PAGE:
Disc Sander Question

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On a bench top sander??? Table does tilt but does not elevate or lower so that the dirrection of disk never gets close to the grain dirrection. On a TS that is a different matter.
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On 3/28/2011 2:51 PM, Leon wrote:

If the point is simply to straighten the edge for jointing, doesn't matter (assuming you're not use 40-grit chunk o' rock paper, anyway). Any fine scratches won't harm the glue joint at all.
Or, as Larry suggests, set it up instead of on the center edge to use the top edge in a (nearly) parallel direction if you prefer and the scuff pattern will be w/ longways.
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I think we are still talking about the OP's bench top disk sander, Not all jointed edges are used for a glue joint. Jointed edges are often the exposed edge.

I have never seen a bench top disk sander capable of raising or lowering the table, only tilt.
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Correct. http://www.shopsmith.com/ownersite/catalog/sn_conical_sanding.htm
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On Sun, 27 Mar 2011 14:32:06 -0700 (PDT), DerbyDad03
In their dreams. Move along, nothing to see here.
-- If the only prayer you ever say in your whole life is "thank you," that would suffice. -- Meister Eckhart
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Have not heard that unit of measure used for about 40 years! Glad there are still folks around who know the true measure of tolerance!
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In wrote:

another option if you truly need it flat is to take the disc to a machine shop and have them machine it flat. It should mill easily, since I'm assuming the plate is aluminum
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On Sun, 27 Mar 2011 12:28:31 -0700 (PDT), DerbyDad03

"It's all in how you use the tool."

Yabbut, first you have to talk the HF knuckledraggers to bring them all down to you to check.

It might not, but the more expensive tools get closer scrutiny at all the Red Dragon Noodle and Machine Tool factories, don'tchaknow?

I hoped against hope that wasn't the case.

What does the Japanese translator for the Chinglish translated booklet say about this parameter?
If it's not, get a set of carbide lathe tools and a lathe manual so you can learn how to turn down the center to flat. ;)

-- If the only prayer you ever say in your whole life is "thank you," that would suffice. -- Meister Eckhart
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wrote:

That's it, just turn it down in place! Imagine it's a bowl lathe ....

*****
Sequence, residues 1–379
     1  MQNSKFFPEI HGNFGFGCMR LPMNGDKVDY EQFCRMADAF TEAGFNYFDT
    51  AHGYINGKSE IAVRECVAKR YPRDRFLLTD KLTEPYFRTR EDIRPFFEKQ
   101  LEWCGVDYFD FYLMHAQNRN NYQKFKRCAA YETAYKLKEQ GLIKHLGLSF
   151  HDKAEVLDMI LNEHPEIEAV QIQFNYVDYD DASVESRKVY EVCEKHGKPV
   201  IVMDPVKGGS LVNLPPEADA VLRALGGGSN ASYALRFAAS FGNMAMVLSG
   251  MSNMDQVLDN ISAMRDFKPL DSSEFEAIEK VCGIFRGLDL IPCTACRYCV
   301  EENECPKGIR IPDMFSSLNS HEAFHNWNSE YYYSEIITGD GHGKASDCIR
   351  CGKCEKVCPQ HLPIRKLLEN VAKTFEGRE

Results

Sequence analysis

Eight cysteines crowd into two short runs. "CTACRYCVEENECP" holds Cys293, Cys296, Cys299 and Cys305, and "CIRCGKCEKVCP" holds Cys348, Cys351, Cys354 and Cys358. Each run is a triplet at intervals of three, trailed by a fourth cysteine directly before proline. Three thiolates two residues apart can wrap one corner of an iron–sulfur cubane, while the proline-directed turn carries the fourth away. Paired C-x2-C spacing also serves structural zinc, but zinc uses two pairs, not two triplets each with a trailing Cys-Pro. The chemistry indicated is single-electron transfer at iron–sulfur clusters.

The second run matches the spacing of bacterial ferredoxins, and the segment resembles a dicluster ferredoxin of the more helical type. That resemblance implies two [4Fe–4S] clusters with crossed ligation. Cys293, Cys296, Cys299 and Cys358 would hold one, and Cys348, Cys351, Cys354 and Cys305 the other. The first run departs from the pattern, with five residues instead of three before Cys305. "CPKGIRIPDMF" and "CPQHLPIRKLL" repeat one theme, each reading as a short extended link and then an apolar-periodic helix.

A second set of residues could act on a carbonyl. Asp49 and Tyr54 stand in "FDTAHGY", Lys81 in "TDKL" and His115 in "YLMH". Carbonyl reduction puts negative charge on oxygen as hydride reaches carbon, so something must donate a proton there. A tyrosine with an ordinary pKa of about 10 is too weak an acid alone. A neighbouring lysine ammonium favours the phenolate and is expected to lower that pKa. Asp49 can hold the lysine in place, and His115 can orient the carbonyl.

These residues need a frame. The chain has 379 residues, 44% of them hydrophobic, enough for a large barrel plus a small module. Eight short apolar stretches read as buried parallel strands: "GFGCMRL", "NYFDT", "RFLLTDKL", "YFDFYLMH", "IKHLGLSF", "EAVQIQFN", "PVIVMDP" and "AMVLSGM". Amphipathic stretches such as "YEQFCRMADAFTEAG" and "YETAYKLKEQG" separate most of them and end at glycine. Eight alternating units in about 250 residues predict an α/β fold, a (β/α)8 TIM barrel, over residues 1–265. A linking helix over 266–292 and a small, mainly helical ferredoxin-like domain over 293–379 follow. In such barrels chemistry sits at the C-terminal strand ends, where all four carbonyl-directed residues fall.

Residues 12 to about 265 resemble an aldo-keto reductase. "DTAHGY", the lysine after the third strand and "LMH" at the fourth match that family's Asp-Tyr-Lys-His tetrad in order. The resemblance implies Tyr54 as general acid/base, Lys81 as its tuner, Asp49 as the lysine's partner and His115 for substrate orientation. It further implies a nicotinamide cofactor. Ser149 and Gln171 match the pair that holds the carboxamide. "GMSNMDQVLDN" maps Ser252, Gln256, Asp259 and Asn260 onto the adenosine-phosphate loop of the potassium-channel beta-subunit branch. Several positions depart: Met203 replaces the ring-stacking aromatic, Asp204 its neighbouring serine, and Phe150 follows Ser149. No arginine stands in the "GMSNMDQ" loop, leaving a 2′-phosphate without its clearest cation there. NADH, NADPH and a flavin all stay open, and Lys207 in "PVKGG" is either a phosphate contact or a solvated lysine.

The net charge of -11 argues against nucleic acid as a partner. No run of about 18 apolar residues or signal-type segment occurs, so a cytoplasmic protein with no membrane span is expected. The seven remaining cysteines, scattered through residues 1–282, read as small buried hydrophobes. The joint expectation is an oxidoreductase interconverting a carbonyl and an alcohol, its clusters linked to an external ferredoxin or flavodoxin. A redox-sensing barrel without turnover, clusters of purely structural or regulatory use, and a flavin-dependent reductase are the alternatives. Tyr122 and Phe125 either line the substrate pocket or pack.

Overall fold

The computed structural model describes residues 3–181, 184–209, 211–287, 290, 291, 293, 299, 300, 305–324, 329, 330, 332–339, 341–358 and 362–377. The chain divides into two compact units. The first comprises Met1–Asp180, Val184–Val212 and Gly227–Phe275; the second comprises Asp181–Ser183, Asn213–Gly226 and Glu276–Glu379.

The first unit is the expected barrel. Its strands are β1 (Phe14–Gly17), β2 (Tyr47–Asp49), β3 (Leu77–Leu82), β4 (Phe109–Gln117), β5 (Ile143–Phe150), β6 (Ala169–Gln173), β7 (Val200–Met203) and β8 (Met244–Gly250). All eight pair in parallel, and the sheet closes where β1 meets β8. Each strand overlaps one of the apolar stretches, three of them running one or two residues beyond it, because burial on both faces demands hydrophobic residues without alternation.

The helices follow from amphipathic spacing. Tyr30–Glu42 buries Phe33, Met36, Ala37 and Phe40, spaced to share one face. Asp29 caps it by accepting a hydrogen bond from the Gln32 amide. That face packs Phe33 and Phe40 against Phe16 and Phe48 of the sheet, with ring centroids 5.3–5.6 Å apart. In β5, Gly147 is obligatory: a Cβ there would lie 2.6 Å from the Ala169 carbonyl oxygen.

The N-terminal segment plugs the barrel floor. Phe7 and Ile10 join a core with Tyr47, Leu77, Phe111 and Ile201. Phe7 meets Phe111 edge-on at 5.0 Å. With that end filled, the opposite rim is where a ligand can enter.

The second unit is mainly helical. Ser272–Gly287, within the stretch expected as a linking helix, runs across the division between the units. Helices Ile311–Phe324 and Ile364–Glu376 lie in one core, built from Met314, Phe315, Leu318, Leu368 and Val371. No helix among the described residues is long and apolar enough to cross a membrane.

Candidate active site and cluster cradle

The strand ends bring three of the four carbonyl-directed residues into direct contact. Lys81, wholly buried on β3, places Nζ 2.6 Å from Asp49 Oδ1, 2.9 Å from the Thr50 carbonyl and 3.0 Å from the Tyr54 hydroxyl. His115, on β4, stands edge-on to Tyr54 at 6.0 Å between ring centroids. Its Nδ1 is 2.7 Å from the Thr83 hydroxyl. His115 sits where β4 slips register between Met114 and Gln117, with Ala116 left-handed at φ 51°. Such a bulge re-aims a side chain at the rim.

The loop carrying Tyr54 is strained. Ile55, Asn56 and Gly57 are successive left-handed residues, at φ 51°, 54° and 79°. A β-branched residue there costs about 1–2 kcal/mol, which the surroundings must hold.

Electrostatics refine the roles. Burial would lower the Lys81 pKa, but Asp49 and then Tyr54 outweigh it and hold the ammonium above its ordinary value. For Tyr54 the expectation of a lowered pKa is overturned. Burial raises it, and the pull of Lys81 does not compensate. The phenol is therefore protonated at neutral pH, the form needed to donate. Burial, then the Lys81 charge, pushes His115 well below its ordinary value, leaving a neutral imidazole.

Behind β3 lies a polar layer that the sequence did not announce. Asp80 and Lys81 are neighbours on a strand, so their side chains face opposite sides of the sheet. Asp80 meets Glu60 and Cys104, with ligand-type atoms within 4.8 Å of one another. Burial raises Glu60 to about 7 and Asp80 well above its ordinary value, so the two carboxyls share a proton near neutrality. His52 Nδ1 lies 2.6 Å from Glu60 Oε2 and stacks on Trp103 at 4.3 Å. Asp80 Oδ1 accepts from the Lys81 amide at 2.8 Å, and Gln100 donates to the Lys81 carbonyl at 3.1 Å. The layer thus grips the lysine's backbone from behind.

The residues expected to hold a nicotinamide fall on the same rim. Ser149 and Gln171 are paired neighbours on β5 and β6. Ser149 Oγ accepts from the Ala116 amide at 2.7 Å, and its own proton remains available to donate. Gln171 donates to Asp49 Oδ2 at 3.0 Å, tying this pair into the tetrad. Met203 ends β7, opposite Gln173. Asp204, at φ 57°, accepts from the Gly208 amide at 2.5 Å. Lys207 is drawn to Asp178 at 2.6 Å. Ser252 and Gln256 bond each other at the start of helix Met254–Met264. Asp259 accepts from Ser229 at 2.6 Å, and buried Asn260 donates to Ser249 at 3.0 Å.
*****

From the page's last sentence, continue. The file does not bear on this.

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wrote:

No wobble at all. I would have already returned it if it did.

Now I'm really confused. Some say that it's a beveled disk and can be used as a joiner, you say it's an issue if I try to use it to flatten a surface. Isn't a joiner used to flatten a surface (edge) for gluing?

A fine suggestion, if I feel like taking the plastic straps off the boxes, cutting the packing tape, removing the packing foam, lifting the units out of their boxes and taking them out of the plastic bag. Then, after checking each disk - 'cuz I'm a nice guy - reversing the whole process and packing them all up again. ;-)

Why would switching to a 12" model ensure that I would get a flat disc?
A stationary disk sander is not used to straighten anything but small stock. AND it sands against the grain. It should be use to shape curves. A 12" model will shape faster.
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You may find the 12" sanding disks easier to find in stores.
Also the conical surface may be difficult to stick flat sanding disk onto without wrinkles. ---------------
Why would switching to a 12" model ensure that I would get a flat disc?
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At least for now, HF carries 10" discs in multi packs:
http://www.harborfreight.com/5-piece-10-inch-cloth-backed-psa-sanding-disc-set-3727.html

I haven't tried attaching a sheet on my own, but the 80 grit that came installed on the unit is perfectly flat.
We'll see.

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DerbyDad03 wrote:

Sudden thought: Is the back of the plate flat?
--

dadiOH
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Dunno. The back of the plate is covered by the housing of the unit.
http://www.harborfreight.com/10-inch-bench-top-disc-sander-47404.html
That blue "ring" around the disk extends in a bowl-like manner down to the motor housing, where it appears to be welded right to the motor housing, so the back of the plate is not accessible .
There may be a bolt under the sandpaper itself that allows the plate to be removed, but if so, I think I'd have to remove the table and dust collection housing before the disk could be removed. Not sure, but I'm not into tearing the unit apart right now.
Maybe if I decide to return it, I'll take it apart just before I do. <g>
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DerbyDad03 wrote:

I asked because I thought your plate might have one cone side, one flat and could be reversed. Why they would make it that way for a disc sander, I have no idea. The plate is being driven directly by the motor so I suspect it is held on to the motor shaft by a nut.
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